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Lack of Middle Ear Virulence of Streptococcus pneumoniae 33F Isolates in Chinchillas is Associated with Absence of the PsrP Pathogenicity Island

Session: Oral Abstract Session: Bacterial Pathogenesis
Thursday, October 9, 2014: 9:45 AM
Room: The Pennsylvania Convention Center: 109-AB
Background: The identification of site specific genes and functions essential for virulence may provide further understanding of the pathogenesis of pneumococcal disease and potentially reveal novel targets for treatment and prevention.

Methods: We screened more than 10 selected serotypes of Streptococus pneumoniae in our chinchilla model of experimental otitis media (EOM), initially using nasopharyngeal inoculation followed by barotrauma and subsequently with direct intrabullar challenge.  Genomic DNA of these isolates was extracted by standard methods and sequenced using the HiSeq Illumina platform. De novo assembled sequences were annotated with RAST (Rapid Annotation by Subsystem Technology). Functional comparative genomic analysis was performed in SEED viewer; genes of subsystems identified as uniquely absent in 33F strains underwent detailed analysis in SEED, BRIG and BLAST.

Results: The serotype 33F isolates colonized the nasopharynx comparable to all other serotypes but failed to produce either clinically apparent or culture-positive middle ear disease. The lack of virulence was confirmed by the failure to develop middle ear disease following direct intrabullar challenge as well as with 2 additional 33F isolates. Functional genomic comparison against OM producing strains as well as ~50 invasive strains revealed that all three 33F strains lack the pneumococcal serine-rich repeat protein (PsrP) pathogenicity island. The PsrP island appeared to be present in the sequenced IPD strains.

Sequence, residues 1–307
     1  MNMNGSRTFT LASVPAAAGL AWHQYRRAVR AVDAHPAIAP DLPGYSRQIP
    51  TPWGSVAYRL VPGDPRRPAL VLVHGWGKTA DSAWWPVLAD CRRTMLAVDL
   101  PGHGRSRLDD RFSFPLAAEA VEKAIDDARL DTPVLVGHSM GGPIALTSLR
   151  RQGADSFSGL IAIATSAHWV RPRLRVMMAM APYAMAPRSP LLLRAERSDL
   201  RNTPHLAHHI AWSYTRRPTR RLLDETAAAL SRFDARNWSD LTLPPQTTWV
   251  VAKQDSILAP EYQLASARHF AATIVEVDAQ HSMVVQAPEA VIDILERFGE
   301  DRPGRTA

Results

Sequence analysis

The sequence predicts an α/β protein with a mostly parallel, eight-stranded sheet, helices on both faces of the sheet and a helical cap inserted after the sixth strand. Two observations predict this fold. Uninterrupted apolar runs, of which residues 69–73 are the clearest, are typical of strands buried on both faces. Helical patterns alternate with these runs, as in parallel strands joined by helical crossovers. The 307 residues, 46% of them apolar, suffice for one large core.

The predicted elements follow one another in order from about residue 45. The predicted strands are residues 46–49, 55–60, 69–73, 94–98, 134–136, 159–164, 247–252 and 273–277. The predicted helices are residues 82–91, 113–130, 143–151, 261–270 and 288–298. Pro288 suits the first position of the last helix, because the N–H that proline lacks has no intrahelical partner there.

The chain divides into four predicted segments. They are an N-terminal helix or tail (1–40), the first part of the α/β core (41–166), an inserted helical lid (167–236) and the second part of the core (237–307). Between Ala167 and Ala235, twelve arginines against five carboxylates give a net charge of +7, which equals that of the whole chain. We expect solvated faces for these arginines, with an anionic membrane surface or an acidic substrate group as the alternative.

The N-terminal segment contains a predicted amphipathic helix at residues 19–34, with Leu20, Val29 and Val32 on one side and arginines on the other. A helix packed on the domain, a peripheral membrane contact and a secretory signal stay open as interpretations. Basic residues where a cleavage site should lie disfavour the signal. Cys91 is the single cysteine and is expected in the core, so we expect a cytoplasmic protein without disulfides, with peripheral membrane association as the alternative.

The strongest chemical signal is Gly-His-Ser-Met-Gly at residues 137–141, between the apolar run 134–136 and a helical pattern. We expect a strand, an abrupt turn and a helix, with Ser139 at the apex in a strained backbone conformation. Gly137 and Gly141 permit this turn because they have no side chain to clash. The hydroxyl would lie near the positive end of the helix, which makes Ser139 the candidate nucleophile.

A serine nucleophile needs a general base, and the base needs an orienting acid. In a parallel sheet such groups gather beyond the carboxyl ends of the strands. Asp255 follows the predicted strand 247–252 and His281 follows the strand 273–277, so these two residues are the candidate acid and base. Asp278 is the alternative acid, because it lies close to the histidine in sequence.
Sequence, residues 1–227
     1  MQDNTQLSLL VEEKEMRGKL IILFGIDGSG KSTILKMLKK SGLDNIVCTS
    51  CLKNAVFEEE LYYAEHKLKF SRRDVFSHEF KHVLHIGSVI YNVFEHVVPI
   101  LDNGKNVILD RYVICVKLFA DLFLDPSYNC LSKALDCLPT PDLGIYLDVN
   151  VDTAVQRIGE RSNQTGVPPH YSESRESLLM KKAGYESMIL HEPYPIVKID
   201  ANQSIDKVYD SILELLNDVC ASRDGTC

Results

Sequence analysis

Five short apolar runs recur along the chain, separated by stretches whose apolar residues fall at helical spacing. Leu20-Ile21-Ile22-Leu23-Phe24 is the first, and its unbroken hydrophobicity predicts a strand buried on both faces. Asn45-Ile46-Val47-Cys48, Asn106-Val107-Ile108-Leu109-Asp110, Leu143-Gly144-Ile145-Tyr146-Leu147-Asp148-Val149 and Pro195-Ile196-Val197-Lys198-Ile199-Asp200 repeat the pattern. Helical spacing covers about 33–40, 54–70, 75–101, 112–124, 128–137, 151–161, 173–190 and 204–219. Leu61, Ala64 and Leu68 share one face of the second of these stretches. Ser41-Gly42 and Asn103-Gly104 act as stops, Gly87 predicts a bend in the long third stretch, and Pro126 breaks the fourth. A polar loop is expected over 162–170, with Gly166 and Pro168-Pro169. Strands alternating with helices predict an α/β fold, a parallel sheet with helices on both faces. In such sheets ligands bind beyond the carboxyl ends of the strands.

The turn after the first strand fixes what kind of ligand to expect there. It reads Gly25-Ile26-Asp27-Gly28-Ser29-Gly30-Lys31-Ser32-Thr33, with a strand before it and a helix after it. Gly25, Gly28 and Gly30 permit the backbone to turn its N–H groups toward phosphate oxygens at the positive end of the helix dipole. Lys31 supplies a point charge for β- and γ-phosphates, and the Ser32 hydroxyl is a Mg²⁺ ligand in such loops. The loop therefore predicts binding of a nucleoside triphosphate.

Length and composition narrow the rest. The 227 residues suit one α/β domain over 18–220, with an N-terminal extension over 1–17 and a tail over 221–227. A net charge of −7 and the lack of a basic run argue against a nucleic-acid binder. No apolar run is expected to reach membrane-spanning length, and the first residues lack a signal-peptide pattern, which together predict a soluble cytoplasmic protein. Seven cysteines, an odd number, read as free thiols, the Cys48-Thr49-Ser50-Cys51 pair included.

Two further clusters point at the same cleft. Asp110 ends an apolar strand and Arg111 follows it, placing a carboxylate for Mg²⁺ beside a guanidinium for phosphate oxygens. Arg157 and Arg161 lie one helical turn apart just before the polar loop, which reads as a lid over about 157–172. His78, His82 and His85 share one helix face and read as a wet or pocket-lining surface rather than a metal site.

Conclusion: Serotype 33F failed to produce EOM using either NP colonization and barotrauma or direct inoculation.  Comparative genomic analysis revealed the absence of the PsrP pathogenicity island in these strains. PsrP is a representative of serine-rich repeat proteins found in many pathogenic streptococci and Staphylococcus aureus. Although non-essential for survival, it plays an important role in the formation of biofilms and adhesion to host cells. Further characterization of the function of this island in S. pneumoniae is necessary to define its role in virulence both for middle ear infection as well as invasive disease and pneumonia.

Sabine Schnyder, MD1, Brent A. Little, PhD1, Nicholas J. Croucher, PhD2, Stephen I. Pelton, MD1 and Vishakha Sabharwal, MD1, (1)Pediatric Infectious Diseases, Boston Medical Center, Boston, MA, (2)Imperial College London, London, United Kingdom


S. Schnyder, None

B. A. Little, None

N. J. Croucher, None

S. I. Pelton, None

V. Sabharwal, None

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